Central Coast teens provide for people in need – KION546 | #socialmedia | #children

MONTEREY, Calif. (KION) Two local teens collected donations for Her Drive, a national nonprofit that allows young women to provide people in need with basic necessities and other goods, Sunday.

Lexi Martin and Caitlin Silveira are friends from Pacific Grove High School, whose passion for giving back to their community was inspired by a video on the popular social media site, TikTok.

“We saw girls in their community helping out so we decided it was our turn our community as well,” said Caitlin Silveira, co-founder local chapter of Her Drive.

One issue they’re tackling is called period poverty and menstrual equity. According to Global Citizens, period poverty is defined as the lack of access to sanitary products, menstrual hygiene education, toilets, handwashing facilities, and/or waste management. 

“She sent me another TikTok the other day and it was talking about how this woman experienced period poverty of her own… while she was homeless, she learned that women are using tissue, toilet paper that they find in restaurants, trash, anything they can,” said Lexi Martin, co-founder of the local chapter of Her Drive.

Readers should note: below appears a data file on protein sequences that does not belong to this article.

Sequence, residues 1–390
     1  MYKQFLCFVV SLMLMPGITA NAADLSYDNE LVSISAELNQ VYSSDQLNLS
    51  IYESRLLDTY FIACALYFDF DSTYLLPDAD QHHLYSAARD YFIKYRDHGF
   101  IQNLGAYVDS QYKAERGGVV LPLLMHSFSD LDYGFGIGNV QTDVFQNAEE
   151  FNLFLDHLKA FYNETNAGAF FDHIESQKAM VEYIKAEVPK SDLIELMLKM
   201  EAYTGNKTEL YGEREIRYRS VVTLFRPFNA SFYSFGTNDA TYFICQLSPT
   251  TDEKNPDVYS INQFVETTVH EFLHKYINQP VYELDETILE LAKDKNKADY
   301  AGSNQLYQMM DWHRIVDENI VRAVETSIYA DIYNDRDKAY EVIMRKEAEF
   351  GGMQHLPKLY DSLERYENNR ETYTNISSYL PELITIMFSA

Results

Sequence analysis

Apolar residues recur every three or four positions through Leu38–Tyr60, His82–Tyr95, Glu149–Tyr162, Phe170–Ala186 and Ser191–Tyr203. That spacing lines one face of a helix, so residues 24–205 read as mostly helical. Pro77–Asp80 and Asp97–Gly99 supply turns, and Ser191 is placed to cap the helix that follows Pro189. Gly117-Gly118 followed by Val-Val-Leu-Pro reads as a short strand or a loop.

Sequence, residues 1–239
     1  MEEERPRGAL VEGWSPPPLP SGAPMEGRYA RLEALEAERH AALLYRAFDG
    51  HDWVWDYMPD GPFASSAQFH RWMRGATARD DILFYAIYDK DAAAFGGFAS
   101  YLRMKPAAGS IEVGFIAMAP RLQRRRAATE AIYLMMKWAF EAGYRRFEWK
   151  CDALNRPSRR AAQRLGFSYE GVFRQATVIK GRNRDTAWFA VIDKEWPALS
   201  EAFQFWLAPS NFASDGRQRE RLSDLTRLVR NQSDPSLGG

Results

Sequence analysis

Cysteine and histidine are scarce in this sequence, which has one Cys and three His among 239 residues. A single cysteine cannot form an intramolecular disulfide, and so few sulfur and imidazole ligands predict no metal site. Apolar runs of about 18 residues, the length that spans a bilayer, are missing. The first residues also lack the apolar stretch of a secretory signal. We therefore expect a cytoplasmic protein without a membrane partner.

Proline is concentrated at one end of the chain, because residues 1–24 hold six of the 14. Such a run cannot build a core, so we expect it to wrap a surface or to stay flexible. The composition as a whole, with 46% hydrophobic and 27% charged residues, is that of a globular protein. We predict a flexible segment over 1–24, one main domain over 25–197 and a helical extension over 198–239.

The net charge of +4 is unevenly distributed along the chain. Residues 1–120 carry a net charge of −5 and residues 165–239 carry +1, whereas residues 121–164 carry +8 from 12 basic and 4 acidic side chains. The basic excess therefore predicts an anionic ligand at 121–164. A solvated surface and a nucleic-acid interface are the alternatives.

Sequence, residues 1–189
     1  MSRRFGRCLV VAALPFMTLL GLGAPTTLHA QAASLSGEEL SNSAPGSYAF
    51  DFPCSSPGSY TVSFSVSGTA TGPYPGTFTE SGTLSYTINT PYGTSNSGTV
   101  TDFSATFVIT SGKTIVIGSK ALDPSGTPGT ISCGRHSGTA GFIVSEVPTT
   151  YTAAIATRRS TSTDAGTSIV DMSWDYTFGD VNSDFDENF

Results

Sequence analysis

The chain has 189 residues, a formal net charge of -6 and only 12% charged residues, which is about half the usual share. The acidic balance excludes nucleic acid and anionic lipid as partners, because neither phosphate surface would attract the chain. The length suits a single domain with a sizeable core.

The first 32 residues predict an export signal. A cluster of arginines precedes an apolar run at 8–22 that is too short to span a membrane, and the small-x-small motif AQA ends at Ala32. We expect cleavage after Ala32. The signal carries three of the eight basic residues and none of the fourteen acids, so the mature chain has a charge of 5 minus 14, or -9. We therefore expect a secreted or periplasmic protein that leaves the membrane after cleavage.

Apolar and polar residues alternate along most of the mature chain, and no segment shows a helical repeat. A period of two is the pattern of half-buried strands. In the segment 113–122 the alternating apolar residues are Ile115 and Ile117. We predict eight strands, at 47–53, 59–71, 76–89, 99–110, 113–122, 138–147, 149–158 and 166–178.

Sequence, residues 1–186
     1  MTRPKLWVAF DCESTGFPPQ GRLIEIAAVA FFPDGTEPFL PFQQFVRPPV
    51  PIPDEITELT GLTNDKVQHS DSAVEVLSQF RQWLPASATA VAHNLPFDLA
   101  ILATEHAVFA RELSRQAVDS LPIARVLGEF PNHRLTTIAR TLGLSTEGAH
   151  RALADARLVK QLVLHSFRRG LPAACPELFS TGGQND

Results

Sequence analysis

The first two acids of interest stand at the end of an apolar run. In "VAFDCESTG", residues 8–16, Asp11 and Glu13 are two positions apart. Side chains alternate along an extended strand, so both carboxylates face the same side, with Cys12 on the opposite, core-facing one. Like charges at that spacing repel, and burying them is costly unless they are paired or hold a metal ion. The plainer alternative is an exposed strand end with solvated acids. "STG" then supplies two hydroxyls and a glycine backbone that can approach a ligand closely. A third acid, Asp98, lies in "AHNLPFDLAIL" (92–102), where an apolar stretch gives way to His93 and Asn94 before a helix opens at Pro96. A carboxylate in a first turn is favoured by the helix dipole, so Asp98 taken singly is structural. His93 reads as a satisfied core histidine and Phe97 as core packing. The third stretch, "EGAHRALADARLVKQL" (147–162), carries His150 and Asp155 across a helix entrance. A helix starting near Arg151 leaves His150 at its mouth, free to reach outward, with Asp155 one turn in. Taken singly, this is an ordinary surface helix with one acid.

On average, a woman is on her menstrual cycle three to seven days a month. Over a lifetime, that’s around six to seven years and for those struggling to make ends meet, the cost of menstrual products can add up.

According to The Huffington Post, a woman go can through 20 tampons per menstrual cycle and on average have 465 periods in her lifetime. This translates to spending a total of $1,773.33.

A bill is in the legislature that would require California public universities, community colleges, and secondary schools to provide free menstrual products on campus. Overall, Lexi and Caitlin feel that this is an issue that needs to be addressed and is starting in their backyard.

“I think that comfort is a really big thing that we take for granted as well and so just helping these women who may not have access to these sorts of things is just something that is needed much more,” said Silveira.

A third drop-off collection sit will be Thursday, July 29th at Pacific Grove High School from 12 to 2 p.m.

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